Senior man putting up or taking down outdoor Christmas lights from the gutter of a suburban house

Tips for Taking Down Holiday Decorations

Senior man putting up or taking down outdoor Christmas lights from the gutter of a suburban houseTaking down holiday decorations is simply not as fun as putting them up and enjoying them all throughout the season. It is also more dangerous. Your home’s pathways may be covered in snow, ice, or rain water, making climbing a ladder hazardous. Your tree may have turned from lush and green to dry and brittle, creating a more serious fire hazard. You may wonder if it’s okay not to take your usual care in organizing and cleaning your decorations this year.

Upwards of 17,000 people are treated in hospital rooms each year for holiday decoration related injuries. This means that it is exceptionally important to take care when removing and/or disposing of your decorations. To ensure that you are kept safe throughout the process, observe the following safety measures. It may take some extra time, energy, and concentration, but it will be well worth it when you are enjoying a nice evening in your decoration-free living room rather than in an emergency room.

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Man is repairing radiator battery in the room. Maintenance repair works renovation in the flat. Heating restoration. Wrench in hands.

Home Heating Safety Tips

Man is repairing radiator battery in the room. Maintenance repair works renovation in the flat. Heating restoration. Wrench in hands.There are close to 400,000 home fires in the US every year. One of the leading causes of these fires – second only to cooking – is heating equipment. 

It is important to know how to heat your home safely to avoid a costly, dangerous residential fire, especially during the winter months when heating-related fires are more likely. Follow these home heating safety tips to keep yourself protected while staying warm and cozy this winter.

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Happy couple is wearing Santa Claus hat and sitting in car trunk while enjoying their beautiful moments of Christmas tree adventure. It is a cold and sunny day outside.

Holiday Season Safety Tips

Happy couple is wearing Santa Claus hat and sitting in car trunk while enjoying their beautiful moments of Christmas tree adventure. It is a cold and sunny day outside.This time of year brings with it much joy and festivity, but also a higher risk for injury. The ER sees thousands of patients over the course of the winter months for holiday-related injuries. The numbers spike during Christmas and New Year’s. Everything from cooking to hanging tree lights can be hazardous if not handled with care.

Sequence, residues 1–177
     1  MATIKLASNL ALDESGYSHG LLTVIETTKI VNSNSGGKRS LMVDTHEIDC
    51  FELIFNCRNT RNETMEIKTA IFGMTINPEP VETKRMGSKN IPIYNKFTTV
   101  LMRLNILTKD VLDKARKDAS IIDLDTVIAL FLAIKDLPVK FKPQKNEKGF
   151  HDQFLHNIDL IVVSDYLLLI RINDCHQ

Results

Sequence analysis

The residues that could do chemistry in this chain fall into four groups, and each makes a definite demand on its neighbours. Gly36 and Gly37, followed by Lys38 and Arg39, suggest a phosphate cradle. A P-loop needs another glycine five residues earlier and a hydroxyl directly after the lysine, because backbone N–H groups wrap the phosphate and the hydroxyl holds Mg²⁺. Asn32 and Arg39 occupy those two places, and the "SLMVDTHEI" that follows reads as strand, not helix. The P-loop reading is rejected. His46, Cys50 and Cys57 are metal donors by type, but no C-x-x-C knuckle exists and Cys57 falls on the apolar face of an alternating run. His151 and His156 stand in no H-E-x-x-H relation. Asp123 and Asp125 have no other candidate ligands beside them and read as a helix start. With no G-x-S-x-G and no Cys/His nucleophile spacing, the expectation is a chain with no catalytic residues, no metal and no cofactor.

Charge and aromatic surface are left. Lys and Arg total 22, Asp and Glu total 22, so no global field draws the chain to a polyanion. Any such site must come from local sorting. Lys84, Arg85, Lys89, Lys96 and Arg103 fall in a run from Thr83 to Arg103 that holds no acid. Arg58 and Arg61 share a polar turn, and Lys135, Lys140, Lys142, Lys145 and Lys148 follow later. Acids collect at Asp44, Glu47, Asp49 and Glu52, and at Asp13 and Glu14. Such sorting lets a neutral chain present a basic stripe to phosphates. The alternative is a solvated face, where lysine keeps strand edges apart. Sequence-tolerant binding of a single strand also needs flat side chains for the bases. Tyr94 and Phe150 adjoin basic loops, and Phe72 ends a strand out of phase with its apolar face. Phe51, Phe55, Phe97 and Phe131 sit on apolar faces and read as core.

With a little extra attention paid to certain objects and activities, you can avoid any and all holiday mishaps. Let’s take a look at several ways you can enjoy a merry and bright holiday season while staying safe and healthy.

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Turkey being placed into a deep fryer

Thanksgiving Safety Tips for a Happy Holiday

Turkey being placed into a deep fryerThanksgiving is a time for food, family…and fires. The holiday boasts more home cooking fires than any other day of the year. Turkey fryers alone account for more than 900 destroyed homes and over $15 million in property damages annually.

Fires aren’t the only cause for concern during Thanksgiving weekend. Break-ins are just as likely during this time as any other season. Keep your family protected by following a few simple safety procedures. These tips will ensure that your family can enjoy a happy and safe Thanksgiving.

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Snow storm in United States with residential home and dark sky in background

How to Prepare Your Home for the Winter Months

Snow storm in United States with residential home and dark sky in backgroundBurglaries are a threat all year, but studies show a spike in home invasions during wintertime. Beyond break-ins, the holidays bring the added risk of stolen packages. Roughly one third of Americans are victims of parcel theft each year, and that number spikes significantly during the holidays.

Combine harsh winter weather with an increase in theft, and you have two good reasons to secure your home this year. Let’s take a look at some important actions you can take to keep you, your family, and your home safe this winter season.

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High school students at school, wearing N95 Face masks. Teenage girl wearing eyeglasses sitting at the school desk and listening to the teacher.

Returning to School: Security Tips for Parents

Depending on your state, county, city or town, your child may be returning soon to the classroom. With the threat of COVID-19 remaining here in New England, you’ll want to take the best approach to ensure your child’s safety in and outside the school or playground.High school students at school, wearing N95 Face masks. Teenage girl wearing eyeglasses sitting at the school desk and listening to the teacher.

The challenges for successful reopening and education are considerable, as a Mayo Clinic article on the subject notes. It states, “As schools reopen, they must balance the educational, social and emotional needs of their students along with the health and safety of students and staff in the midst of the evolving COVID-19 pandemic.”

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Tips To Keep Your Basement From Flooding

Fight Back The Floods

As New Englanders, we should always be ready to protect our basements from flooding — particularly when caused by spring rains or severe storms.